President Barack Obama's Mideast envoy began the new administrations first mission to the troubled region on Tuesday as Egypt's top diplomat expressed hope that a deal on a permanent Gaza truce will be reached in the first week of February. Former Senate majority leader George J Mitchell was to meet with Foreign Minister Ahmed Aboul Gheit later Tuesday in Cairo and hold talks with President Hosni Mubarak on Wednesday.
The US decision to dispatch a presidential envoy so early in the administration reflected Obama's intention to take a more active approach to the Israel-Palestinian peace process than his predecessor did.
Earlier Tuesday, Aboul Gheit said a firm truce deal on Gaza would be followed by talks on Palestinian reconciliation by the third week of February and a conference on rebuilding the battered strip by the end of the month.
The timeline was the first indication Egypt believed it has made headway in mediating between rival Palestinian factions. The Palestinians have been bitterly divided, with the militant group Hamas in control of the Gaza Strip and the more moderate Fatah dominant in the West Bank.
Egypt has pushed for a lasting truce in the Gaza Strip following Israel's 22-day offensive to stop Hamas' rocket attacks on southern Israel and has hosted delegations from Israel and the many Palestinian factions the latest over the weekend in Cairo. Aboul Gheit said the talks made progress but didn't elaborate. Aboul Gheit said talks with Palestinian factions in Cairo "witnessed positive developments" and added he hoped "an agreement on national reconciliation will be achieved in the third week of February." Talks on Gaza's reconstruction can begin "at the end" of the month, he added. Cairo hosts a reconstruction conference Feb. 28.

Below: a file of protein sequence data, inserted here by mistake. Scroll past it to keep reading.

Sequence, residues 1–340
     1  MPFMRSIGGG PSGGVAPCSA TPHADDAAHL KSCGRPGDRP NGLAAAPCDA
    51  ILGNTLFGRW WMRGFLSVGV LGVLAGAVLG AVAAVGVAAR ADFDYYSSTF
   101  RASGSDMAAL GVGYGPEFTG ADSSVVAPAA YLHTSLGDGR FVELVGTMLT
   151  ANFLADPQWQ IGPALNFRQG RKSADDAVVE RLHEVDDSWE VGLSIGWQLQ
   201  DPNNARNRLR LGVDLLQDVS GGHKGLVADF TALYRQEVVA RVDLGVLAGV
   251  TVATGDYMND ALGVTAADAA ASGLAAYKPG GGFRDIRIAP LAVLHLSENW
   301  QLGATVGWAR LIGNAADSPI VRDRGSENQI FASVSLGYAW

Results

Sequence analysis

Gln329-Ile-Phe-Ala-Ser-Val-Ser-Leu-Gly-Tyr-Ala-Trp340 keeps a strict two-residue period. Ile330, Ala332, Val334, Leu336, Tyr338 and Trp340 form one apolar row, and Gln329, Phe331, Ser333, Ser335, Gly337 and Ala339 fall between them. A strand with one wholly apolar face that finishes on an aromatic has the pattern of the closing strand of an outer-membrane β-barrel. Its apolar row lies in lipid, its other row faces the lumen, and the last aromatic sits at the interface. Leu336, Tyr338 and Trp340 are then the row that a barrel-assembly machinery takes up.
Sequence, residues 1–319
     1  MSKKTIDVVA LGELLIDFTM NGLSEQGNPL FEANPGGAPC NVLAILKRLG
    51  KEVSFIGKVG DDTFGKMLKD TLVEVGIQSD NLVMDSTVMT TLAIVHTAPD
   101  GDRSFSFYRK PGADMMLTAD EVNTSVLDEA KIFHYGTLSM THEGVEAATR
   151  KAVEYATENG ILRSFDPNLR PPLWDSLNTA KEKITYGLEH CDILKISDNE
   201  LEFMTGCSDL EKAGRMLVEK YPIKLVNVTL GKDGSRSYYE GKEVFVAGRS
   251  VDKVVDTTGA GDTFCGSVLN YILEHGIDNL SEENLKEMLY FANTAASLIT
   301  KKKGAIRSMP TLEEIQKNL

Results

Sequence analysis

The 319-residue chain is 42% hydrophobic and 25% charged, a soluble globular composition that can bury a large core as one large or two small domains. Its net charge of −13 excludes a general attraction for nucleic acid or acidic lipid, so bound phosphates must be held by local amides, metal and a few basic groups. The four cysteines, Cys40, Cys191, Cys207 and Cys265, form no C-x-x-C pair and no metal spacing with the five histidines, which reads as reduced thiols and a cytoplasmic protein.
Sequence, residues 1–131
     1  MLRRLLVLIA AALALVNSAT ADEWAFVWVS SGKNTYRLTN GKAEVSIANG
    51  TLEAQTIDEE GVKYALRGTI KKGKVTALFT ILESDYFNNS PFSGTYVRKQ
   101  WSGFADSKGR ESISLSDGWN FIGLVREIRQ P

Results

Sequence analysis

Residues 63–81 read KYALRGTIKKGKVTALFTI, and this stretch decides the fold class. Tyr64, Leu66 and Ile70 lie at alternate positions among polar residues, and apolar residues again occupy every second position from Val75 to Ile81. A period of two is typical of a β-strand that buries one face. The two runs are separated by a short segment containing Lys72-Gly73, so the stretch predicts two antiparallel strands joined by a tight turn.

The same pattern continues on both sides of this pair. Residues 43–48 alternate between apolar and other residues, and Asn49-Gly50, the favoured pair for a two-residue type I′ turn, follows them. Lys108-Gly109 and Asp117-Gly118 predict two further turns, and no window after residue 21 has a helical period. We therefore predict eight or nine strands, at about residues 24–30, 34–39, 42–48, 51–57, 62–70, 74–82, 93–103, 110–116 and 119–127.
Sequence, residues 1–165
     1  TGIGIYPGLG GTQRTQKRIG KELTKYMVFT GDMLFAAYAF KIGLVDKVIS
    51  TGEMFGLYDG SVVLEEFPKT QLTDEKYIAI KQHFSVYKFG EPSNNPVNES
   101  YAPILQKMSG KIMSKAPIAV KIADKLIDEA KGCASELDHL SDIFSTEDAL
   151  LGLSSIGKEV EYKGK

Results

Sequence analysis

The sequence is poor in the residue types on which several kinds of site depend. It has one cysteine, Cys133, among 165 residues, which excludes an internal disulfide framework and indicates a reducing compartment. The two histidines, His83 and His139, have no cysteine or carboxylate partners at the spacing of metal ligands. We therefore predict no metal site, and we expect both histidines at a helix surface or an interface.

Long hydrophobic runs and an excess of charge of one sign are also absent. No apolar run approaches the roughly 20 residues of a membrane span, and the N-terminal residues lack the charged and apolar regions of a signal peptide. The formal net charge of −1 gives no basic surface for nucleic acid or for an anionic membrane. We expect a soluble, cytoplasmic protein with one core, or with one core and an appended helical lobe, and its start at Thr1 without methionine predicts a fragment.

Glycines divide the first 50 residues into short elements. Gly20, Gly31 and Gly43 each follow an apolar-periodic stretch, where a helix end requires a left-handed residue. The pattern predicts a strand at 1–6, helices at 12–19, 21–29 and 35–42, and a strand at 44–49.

Egypt likely wants a firm truce before Israel's Feb. 10 elections.
In an interview with Al-Arabiya television on Monday, Obama said he felt it important to "get engaged right away" in the Mideast. He said he directed Mitchell to talk to "all the major parties involved" and that his administration would craft an approach after that. Obama added that he's told Mitchell to "start by listening, because all too often the United States starts by dictating." European Union's Javier Solana was also in Egypt as part of an international push to cement Gaza's cease-fire. Solana welcomed Mitchell's appointment and said it will "create a new constructive dynamic."
The EU has stepped up humanitarian aid to Gaza Strip's 1.4 million residents but Solana warned that "construction and deconstruction cannot go on indefinitely" the "only solution is to have a political process" in Gaza.
The rival Palestinian sides met briefly in Cairo on Monday the first such meeting since Hamas threw Fatah out of Gaza in a violent June 2007 coup. From Gaza, Hamas was increasingly launching rockets into southern Israel, which prompted the devastating 22-day Israeli assault on the strip.
The Israeli offensive killed 1,285 Palestinians, more than half of them civilians, according to the Palestinian Center for Human Rights. Thirteen Israelis, including three civilians, were also killed during the fighting.
The Palestinian divide is also hindering reconstruction plans, as Israel, the US and the EU all consider Hamas to be a terrorist organization and refuse to funnel reconstruction money to it. But in a statement Tuesday, Hamas' Prime Minister Ismail Haniyeh denied the militant group wants the reconstruction funds and supports proposals to have Arab countries oversee the process. "We are not keen on receiving the reconstruction money and we don't seek it, Haniyeh said. "What we care about is reassurances that this money will be used in reconstruction and ending the misery" in Gaza.